My Erasmus exchange is LESS THAN A MONTH AWAY!!! Crazy! I thought I’d share where I am in the process right now with you guys. Going on an exchange is way harder than just getting on a plane and going.
So far I have done the following:
- Applied in my home university for the exchange.
- Applied to Kempten UAS.
- Done a language assessment test.
- Done a bunch of “GoAbroad” assignments: essays, powerpoints and budgets…
- Applied for housing in Kempten
- Had a huge headache thinking about courses to take, how to get money and everything else in my school and daily life that will be put on hold during my exchange. <— this has been the hardest so far. It sucks having a nice apartment, less than a year left of your studies and a job and just getting up and leaving. It’s a huge inconvenience but I know I won’t regret it.
And I still have to:
- Book plane tickets.
- Check up my scholarship
- …..write about 10 pages on my thesis and a bunch of assignments for school.
Hey guys! I just got my acceptance letter to Kempten University!!! I’m so excited but I’m a bit stressed out. I have one week of school left, a trip to Tallinn, a Christmas to celebrate and having to find time to work.
January and February I’ll just be working to save money for my exchange, which kind of sucks but it will be worth it. Right know one of my priorities is also to get some assignments done which are looooooong overdue. I have been seeing deadlines more like guidelines lately which means pretty much nothing has been done for school in a while.
And they put up the Christmas tree here in Turku a while ago, sadly the snow has melted away… I’m keeping my fingers crossed for a white Chrismas this year!
Gdansk was A-M-A-Z-I-N-G-!! I have to admit I didn’t have too high hopes about the city and I really don’t know why. I think it’s because I just don’t see myself going to Poland because I barely know anything about Poland! Which is awful, there is really no excuse for being ignorant about the world around me and it’s something I try to work on every single day of my life.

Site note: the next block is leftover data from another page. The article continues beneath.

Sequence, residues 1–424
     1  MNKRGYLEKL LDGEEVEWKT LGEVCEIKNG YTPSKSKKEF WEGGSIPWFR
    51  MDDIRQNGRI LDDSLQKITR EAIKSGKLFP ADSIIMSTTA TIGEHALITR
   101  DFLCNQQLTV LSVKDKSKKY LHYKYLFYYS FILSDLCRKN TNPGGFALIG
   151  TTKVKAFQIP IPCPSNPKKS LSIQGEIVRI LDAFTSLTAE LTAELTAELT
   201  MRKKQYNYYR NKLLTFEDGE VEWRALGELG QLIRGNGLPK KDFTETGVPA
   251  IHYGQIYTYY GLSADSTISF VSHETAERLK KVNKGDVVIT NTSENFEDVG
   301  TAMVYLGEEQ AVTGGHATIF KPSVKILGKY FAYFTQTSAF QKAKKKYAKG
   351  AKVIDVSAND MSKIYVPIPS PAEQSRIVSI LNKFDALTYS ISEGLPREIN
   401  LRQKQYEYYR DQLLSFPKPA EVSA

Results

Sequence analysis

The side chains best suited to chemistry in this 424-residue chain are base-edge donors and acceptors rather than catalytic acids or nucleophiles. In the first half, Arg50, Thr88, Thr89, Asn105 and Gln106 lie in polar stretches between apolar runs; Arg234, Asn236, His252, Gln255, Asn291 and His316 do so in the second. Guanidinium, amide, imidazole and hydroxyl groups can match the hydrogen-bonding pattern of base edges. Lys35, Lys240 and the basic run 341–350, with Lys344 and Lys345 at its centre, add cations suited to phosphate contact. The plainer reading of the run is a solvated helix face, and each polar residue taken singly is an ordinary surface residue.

Back to Gdansk, Gdansk was huge! It’s almost the same size as Helsinki!! The houses were stunning in the old town. All of them were colorful and had a special kind of architecture. Gdansk was also cheap (compared to Finland!), the food was tasty and the people we came in contact with were friendly.
I have 2 things to complain about though.
I couldn’t find any fresh milk to put in my coffee, not sure if I looked in the wrong places or if milk just isn’t a thing in Poland? I was offered some powdered milk though, not really the same as fresh milk.
We also had a terrible experience at a restaurant on our last night eating out. I have worked as a waitress and most of my friends have similar experiences so we really knew how much the restaurant was in the wrong. We decided to be nice and tip the waiter anyway, because we had literally been in his shoes. But he proceeded to yell at us because he thought he deserved more than the 10% tip we gave him. By then we all just decided to leave and conclude it being the worst restaurant experience any of us had ever had.
I’m back from Gdansk! I have lots to tell you guys but for now this video I did will have to do.
Today I got to experience something totally new for me, being a tour guide! I have to confess I was a bit nervous in the beginning, especially when the buss drove away and I was standing with a group of strangers on the street… Luckily I had a classmate with me so I didn’t have to do it alone.
We showed them around Turku by foot and gave some background information about important landmarks. Let me just tell you this, there is SO much more you need to know than just the information and route!
- What do you do with people who walk slower than snails??? Are you supposed to chase them? Do you have to stop and wait every 100 meters??
- What about cranky people who don’t enjoy the tour? When you’re showing amazing views and they refuse to smile and just huff and look at their watch. Ouch.
- What do you do when people ask you weird questions that you really don’t know the answer to? There is always going to be that one question you can’t answer!
- Counting how many people are part of the group is a great idea, and do it in the beginning! Wondering if someone got left behind sucks.
Those were just 4 of the many things we were thinking about after our tour was over. I bet experienced guides have a few tips and tricks, but being a total rookie we sure didn’t know!
Gdansk it is! This November we’re going there, our whole class and I’m in the project that organizes the whole thing. Let me tell you this, booking for a group of 16 is a bit different. We still have to find somewhere to live and activities for the trip so the work is far from over!